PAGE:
How do you know it would be cheap? I don't see how they could comply with this license if they included it in ROS:Yes, please add support for Zerotier. I love Mikrotiks, but they are seriously lacking in some kind of SDWAN solution. Zerotier would be a very cheap and easy way to set this up.
The api exists today. All of my wireguard config on mikrotik is done via the rest api introduced in v7. There shouldn't be any reason zerotier couldn't leverage it.I like also very much the idea to see Zerotier in Mikrotik. But I ask: what is the showstopper? Why Mikrotik does not reply to us? I have asked in Zerotier forum and I have read that Zerotier developers have a great interest in putting Zerotier in Mikrotik and they want to do themselves but they need API from Mikrotik. It seems to me that the best thing is that Mikrotik calls Zerotier or viceversa and they do an agreement.
Otherwise we are only dreaming.
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Zerotier builds a full mesh and uses the lowest latency path between any two nodes. If there is any loss (indicating congestion) it shifts that traffic to a backup path automatically. You can build a full mesh with wireguard and OSPF but OSPF does not adjust routing cost based on latency between nodes and will not automatically redirect traffic the moment it detects congestion.Also, maybe I'm not up to the speed but what problem ZT solves which WG+OSPF doesn't?
This statement as-is is false. Zerotier operates as a star topology and then attempts to build p2p adjacencies and prioritises those direct paths when possible, otherwise it falls back to the relayed ie star topology. It doesn't account for latency at all, simply treats the shortest path between zt nodes as optimal. It does connection monitoring via keep alives just like OSPF does. If you enable multipath on the client you do get some connection quality measurements to determine which uplink to use but that's only if you have multiple WAN links for zerotier to use and those tests are only between that zt node and the remote node to see which of the two interfaces look better. Otherwise, it does nothing except check if the direct path is up. Zerotier doesn't route around slow or lossy nodes until they fail and then it falls back to the star topology ie 'relayed'.Zerotier builds a full mesh and uses the lowest latency path between any two nodes. If there is any loss (indicating congestion) it shifts that traffic to a backup path automatically. You can build a full mesh with wireguard and OSPF but OSPF does not adjust routing cost based on latency between nodes and will not automatically redirect traffic the moment it detects congestion.Also, maybe I'm not up to the speed but what problem ZT solves which WG+OSPF doesn't?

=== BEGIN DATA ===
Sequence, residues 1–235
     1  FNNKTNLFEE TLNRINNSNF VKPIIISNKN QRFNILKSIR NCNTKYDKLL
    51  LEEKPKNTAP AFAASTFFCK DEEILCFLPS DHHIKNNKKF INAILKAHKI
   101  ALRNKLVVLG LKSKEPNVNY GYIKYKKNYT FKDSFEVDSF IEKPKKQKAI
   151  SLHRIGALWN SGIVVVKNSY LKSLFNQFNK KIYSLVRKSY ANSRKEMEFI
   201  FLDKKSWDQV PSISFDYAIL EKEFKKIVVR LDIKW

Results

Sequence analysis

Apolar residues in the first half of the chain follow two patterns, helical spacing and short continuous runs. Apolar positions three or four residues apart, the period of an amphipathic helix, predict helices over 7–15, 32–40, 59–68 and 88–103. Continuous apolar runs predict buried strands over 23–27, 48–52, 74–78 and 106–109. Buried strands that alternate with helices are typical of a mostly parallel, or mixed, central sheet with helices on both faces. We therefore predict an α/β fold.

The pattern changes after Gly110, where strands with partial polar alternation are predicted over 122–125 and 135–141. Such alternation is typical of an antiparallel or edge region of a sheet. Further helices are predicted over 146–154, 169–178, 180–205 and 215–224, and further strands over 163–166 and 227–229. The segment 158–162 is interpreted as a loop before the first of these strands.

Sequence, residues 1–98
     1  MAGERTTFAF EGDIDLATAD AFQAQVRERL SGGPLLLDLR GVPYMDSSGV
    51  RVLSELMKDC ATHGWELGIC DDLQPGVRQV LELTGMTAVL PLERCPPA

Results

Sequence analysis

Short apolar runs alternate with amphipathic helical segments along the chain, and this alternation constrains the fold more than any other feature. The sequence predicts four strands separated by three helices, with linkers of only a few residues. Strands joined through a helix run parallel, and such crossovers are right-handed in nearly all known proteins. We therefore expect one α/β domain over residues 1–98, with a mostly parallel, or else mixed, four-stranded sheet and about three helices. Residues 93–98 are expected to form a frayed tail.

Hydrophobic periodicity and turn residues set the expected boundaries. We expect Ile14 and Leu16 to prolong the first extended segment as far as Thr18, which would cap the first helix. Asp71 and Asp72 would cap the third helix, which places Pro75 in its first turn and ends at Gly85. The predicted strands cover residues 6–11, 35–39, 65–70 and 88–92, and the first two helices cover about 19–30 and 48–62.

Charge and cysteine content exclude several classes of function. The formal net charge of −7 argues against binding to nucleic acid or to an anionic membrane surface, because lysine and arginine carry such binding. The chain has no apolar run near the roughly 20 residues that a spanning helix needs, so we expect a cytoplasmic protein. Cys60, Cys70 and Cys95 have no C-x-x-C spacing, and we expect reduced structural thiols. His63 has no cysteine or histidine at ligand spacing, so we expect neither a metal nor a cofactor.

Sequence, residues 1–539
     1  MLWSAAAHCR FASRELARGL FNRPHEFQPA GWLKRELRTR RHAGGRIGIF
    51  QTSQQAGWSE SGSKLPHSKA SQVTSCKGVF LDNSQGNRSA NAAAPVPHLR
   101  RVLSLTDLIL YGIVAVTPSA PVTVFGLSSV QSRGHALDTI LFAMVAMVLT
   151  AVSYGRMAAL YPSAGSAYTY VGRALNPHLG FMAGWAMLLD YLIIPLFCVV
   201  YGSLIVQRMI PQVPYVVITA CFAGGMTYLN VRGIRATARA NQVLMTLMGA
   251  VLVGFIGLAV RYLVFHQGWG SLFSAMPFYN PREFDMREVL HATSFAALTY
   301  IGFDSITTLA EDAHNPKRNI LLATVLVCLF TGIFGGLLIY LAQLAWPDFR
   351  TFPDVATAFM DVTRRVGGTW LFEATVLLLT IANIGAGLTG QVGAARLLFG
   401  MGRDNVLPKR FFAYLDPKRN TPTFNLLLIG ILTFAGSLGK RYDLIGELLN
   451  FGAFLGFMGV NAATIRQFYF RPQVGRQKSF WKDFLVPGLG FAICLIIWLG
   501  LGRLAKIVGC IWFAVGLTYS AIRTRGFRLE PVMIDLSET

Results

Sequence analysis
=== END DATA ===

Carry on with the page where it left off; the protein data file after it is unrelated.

DMVPN is more a suite of tools requiring adding a number of components to routeros, plus DMVPN really struggles with NAT. zerotier is a single daemon and all of the smarts are external and it finds ways to get through NAT much better. Much simpler to implement.Would it not make more sense to implement DMVPN?
This whole setup is really nothing like zerotier. you have tunnels to concentrators so it's a multi-hub & spoke model. All data must flow through a hub.Hi!
I working in ISP sector and we operating with low-mid budget so we can't buy high-end SD-WAN solutions yet for 10X-20X the price. So we need to find the optimal solution at all times for the following:
- using various underlaying network, PPPoE, DOCSIS, metro ethernet, DF etc. with optional IPSec encryption where it is possible
- the underlay circuits has random global addresses and some of it has (CG)NAT/FW in the path which may blocks GRE and/or ESP protos
At this moment we testing it with MTik MPLS over L2TP/PPPoE. In the test setup there are 1-4 geographically redundant LNS and clients in HUB & Spoke topology. As MTik PPP stack can handle MPLS we don't need any other magic just pure MPLS. Moreover we can use MLPPP so we can handle jumbo frames in L2VPN if we would so.
- providing VPNV4, VPNV6, L2VPN over underlaying network
In the near past I tested it with an RB4011 and I get 700Mbps with an L2VPN over MPLS over L2TP (MLPPP). I measure it with single UDP stream generated with iperf3. One CPU core was 100% on the RB4011. Maybe CCR5009 would can 1Gbps. We are before a multilink test where L2TP client has multiple link to more LNSes and lets see how ECMP and Multi-core PPP do its job.
I don't understand this. How can an UDP based, VXLAN-like (modified?) tunnel goes through better over NAT than also UDP based L2TPv2 or UDP based IPSec? Maybe you overmistified the capabilities of ZT?Also punches through NAT in ways that L2TP tunnels just don't